Harris County, Texas, the county that leads the nation in executions, has served as a bellwether in recent years of the nationwide decline of the death penalty. Although the 10 new death sentences imposed in Harris County since 2010 are more than were imposed in 99.5% of U.S. counties, they are significantly fewer than the 53 new death sentences that were handed down in Harris in 1998-2003 and the 16 from 2004-2009. The 2016 Kinder Institute survey of Houston residents showed that just 27% prefer the death penalty over life sentences for those convicted of first-degree murder. Though the number of death sentences has dropped, systemic problems of prosecutorial misconduct, inadequate representation, and racial bias persist. Kelly Siegler, a prosecutor who obtained 19 death sentences, was found by a Texas court to have committed 36 instances of misconduct in a single murder case. In another case, she brought the victim's bloodstained bed into the courtroom and reenacted the murder using one of the knives from the crime scene. Harris County became nationally known in the 1990s for bad defense lawyering when a capital defense attorney slept through his client's trial. A judge told the defendant, "the Constitution does not say that the lawyer has to be awake." Today, Harris County defendants still receive ineffective counsel because of a pay system that discourages defense lawyers from seeking plea bargains or hiring expert witnesses. Every new death sentence imposed in Harris County since November 2004 (not including resentences) has been imposed upon a Black or Latino defendant. Former Harris County District Attorney Chuck Rosenthal, who oversaw 40 death sentences between 2001 and 2008, resigned after a civil suit uncovered racist emails he sent using his official email account. The U.S. Supreme Court is currently deciding Buck v. Davis, a Harris County case in which a Black defendant was sentenced to death after his defense attorney introduced racially-biased testimony during sentencing. Three Harris County defendants have been exonerated from death row, most recently Alfred Brown (pictured) in 2015. Prosecutors withheld evidence that corroborated Brown's alibi, Brown's girlfriend was threatened and eventually imprisoned until she agreed to testify against him, and officials refused requests to test DNA that may implicate another suspect.
NEW VOICES: Former Reagan Attorney General and Former Manhattan Prosecutor Speak Out In Possible Innocence CasePosted: October 19, 2016
Edwin Meese III (pictured), who served as U.S. Attorney General under President Ronald Reagan, and Robert Morgenthau, the long-time district attorney of Manhattan who served as a U.S. attorney under Presidents John F. Kennedy and Lyndon Johnson, believe that Alabama death row prisoner William Kuenzel is innocent and are urging the U.S. Supreme Court to review his case. Meese and Morgenthau belong to different political parties and take opposing views on capital punishment, but both believe that Kuenzel was wrongfully convicted and condemned for the 1987 murder of a convenience store clerk and deserves a chance to present new evidence. Kuenzel was implicated in the murder after a car belonging to Harvey Venn, a boarder in Kuenzel's home, was seen near the crime scene. He was convicted after Venn admitted to having driven the car, but claimed that Kuenzel had actually shot the clerk, and a 16-year-old passenger in a car that was passing by the store testified that she had seen Venn and Kuenzel inside the store. Alabama prosecutors offered both men a deal for leniency if they agreed to plead guilty and testify against one another. Venn agreed and spent only ten years in prison, but Kuenzel maintained his innocence and rejected the deal. Since the trial, previously-withheld evidence has emerged that supports Kuenzel's innocence claim, including police notes of an initial interview with Venn in which he said another man was in the car with him, and the grand jury testimony of the passerby in which the girl said that she "couldn't really see" the faces of the men in the store. In an amicus brief, Meese calls the withholding of that evidence "the very worst kind of Brady violation, which resulted in condemning to death a defendant whose conviction was obtained in violation of the Constitution and who is very likely actually innocent." Morgenthau said of Kuenzel, "[t]here's no possible way he could have committed the murder." Meese and Morgenthau also share a concern about the quality of representation in capital cases, and are calling for automatic appellate review of the competence of defense counsel.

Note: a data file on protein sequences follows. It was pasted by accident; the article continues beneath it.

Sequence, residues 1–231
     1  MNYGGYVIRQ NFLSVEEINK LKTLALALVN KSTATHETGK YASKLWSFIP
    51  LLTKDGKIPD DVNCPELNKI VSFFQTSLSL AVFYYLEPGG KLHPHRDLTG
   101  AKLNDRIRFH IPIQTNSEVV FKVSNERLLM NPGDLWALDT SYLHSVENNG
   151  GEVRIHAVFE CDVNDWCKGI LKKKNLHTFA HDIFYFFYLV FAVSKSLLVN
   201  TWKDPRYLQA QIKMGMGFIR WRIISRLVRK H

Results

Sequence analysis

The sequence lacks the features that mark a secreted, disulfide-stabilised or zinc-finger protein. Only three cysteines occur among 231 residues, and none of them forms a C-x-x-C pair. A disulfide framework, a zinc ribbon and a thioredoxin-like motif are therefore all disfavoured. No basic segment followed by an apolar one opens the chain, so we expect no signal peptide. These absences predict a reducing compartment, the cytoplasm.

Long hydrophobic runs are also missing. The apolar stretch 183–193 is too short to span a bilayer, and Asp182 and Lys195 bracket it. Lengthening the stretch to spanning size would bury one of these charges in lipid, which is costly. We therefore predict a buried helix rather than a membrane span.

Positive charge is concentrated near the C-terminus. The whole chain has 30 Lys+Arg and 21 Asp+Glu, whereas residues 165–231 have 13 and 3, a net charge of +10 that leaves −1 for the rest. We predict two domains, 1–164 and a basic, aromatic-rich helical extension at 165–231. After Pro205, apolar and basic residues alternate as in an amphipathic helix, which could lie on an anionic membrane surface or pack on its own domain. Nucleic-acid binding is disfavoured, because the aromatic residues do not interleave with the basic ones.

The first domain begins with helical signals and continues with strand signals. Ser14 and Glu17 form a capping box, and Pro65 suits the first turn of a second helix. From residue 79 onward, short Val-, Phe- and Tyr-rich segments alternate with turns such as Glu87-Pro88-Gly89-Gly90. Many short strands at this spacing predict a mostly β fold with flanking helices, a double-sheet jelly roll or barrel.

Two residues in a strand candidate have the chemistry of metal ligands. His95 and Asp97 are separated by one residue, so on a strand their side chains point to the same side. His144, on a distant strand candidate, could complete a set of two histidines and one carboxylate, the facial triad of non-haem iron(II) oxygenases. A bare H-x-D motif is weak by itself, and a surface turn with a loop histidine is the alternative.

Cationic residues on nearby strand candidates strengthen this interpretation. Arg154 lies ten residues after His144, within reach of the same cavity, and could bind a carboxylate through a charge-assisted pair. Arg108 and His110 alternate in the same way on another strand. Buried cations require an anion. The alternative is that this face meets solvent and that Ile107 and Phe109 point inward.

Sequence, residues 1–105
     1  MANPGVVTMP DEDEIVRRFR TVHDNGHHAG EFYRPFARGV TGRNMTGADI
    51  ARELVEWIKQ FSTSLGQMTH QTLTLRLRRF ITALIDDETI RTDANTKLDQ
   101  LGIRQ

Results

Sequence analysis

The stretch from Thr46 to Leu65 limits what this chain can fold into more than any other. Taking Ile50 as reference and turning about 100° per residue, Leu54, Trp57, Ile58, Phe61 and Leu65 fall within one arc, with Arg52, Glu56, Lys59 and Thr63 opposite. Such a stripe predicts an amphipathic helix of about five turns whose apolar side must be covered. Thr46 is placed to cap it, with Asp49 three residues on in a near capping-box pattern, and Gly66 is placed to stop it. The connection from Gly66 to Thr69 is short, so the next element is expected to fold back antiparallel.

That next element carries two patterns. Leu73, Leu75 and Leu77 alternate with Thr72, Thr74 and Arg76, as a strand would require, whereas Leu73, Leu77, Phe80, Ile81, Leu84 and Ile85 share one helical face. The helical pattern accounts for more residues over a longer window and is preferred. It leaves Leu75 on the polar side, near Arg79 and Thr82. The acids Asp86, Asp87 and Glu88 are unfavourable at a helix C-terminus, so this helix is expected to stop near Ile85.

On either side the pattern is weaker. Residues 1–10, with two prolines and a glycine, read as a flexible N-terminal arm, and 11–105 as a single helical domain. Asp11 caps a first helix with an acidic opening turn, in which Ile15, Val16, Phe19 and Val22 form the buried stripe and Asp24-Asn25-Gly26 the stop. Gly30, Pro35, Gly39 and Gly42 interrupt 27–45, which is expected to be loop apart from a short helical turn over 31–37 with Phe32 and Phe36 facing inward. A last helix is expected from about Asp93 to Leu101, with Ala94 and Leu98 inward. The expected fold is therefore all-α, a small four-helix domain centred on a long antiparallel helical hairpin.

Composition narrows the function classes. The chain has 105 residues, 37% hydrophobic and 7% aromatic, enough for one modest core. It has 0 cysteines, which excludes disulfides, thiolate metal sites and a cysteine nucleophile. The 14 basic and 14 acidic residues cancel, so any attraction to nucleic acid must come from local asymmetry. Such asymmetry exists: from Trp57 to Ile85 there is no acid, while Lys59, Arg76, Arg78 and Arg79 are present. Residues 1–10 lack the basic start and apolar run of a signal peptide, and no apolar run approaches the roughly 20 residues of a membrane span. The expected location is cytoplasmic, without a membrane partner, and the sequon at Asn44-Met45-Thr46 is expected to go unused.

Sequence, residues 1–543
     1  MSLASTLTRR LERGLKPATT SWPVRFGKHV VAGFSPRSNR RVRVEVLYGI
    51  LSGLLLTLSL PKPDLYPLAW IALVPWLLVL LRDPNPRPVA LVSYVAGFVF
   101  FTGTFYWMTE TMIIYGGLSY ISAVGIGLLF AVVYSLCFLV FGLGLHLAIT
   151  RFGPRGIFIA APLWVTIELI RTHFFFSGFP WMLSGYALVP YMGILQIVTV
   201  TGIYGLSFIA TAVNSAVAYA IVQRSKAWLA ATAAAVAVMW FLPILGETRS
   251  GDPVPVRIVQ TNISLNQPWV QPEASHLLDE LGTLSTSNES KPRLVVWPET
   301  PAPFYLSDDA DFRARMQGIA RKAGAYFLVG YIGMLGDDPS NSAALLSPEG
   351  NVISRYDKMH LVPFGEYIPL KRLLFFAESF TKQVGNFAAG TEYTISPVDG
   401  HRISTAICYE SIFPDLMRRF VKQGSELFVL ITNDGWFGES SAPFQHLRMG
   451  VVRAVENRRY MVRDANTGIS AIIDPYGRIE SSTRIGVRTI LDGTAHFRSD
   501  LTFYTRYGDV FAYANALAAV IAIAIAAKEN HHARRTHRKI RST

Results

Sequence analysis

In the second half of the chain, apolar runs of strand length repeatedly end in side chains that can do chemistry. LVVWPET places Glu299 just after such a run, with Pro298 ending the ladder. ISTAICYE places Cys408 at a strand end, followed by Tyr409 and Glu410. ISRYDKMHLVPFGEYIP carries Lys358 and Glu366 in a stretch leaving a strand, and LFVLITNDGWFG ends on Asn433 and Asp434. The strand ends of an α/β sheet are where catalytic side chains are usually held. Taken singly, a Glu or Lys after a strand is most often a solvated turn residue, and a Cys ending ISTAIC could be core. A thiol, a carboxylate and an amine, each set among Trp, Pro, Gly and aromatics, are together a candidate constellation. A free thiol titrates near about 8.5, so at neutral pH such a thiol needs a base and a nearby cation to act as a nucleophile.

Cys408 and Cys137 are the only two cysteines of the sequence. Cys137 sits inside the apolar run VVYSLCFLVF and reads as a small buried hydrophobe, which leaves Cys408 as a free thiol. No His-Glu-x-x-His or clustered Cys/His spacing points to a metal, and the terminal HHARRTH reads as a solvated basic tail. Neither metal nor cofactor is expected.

Saying the death penalty is "too fallible to endure," the Lincoln Journal Star has called on Nebraska voters to end capital punishment in the state. In two editorials published in connection with the upcoming statewide death penalty ballot referendum on November 8, the paper urged Nebraskans to retain the legislature's death penalty repeal bill. The predominantly Republican legislature voted to repeal the state's death penalty in May 2015 and then, a few days later, overrode a veto by Governor Pete Ricketts. The Governor, in turn, launched a successful petition drive to place the repeal issue on the ballot. The Journal Star's first editorial focused on the "bottom line" question that, "[t]o support the death penalty, you must be willing to take the chance that the state will execute an innocent person." In addressing that question, the paper highlighted notable exonerations from Beatrice, Nebraska and elsewhere. The editorial explained that, in the largest false confession case in American history, "[t]he 'Beatrice 6' were railroaded into prison for a murder they did not commit. Finally DNA showed someone else committed the crime. Now Gage County is on the hook for $28.1 million in damages." The paper also discussed the exoneration of former Air Force sergeant Ray Krone, who—with no criminal record—was wrongfully convicted and sentenced to death in Arizona. "If it happened to Krone," the paper said, “it can happen to anybody.” In a second editorial, the Journal Star presented what it called the "powerful" conservative argument against capital punishment. The death penalty, conservatives say, "is an extraordinary example of government overreach that costs inordinate amounts of money," violates "the sanctity of life," "[s]ometimes ... delivers erroneous results, and for years on end it delivers no results at all." A recent study found that the death penalty costs Nebraska taxpayers $14.6 million per year, even though the state has not had an execution in nearly 20 years. The paper said: "All this spending siphons away money that could and should be put to use more effectively in protecting public safety. Five hundred police chiefs were asked in 1995 and 2008 to rank the tools they found most effective in fighting violent crime, [former Lincoln Police Chief Allen] Curtis wrote. 'The death penalty came in absolutely last.'" The editorial concluded, "[t]houghtful conservatives who take the time to research the issue will vote on Nov. 8 to retain the law that eliminates the death penalty and replaces it with life in prison."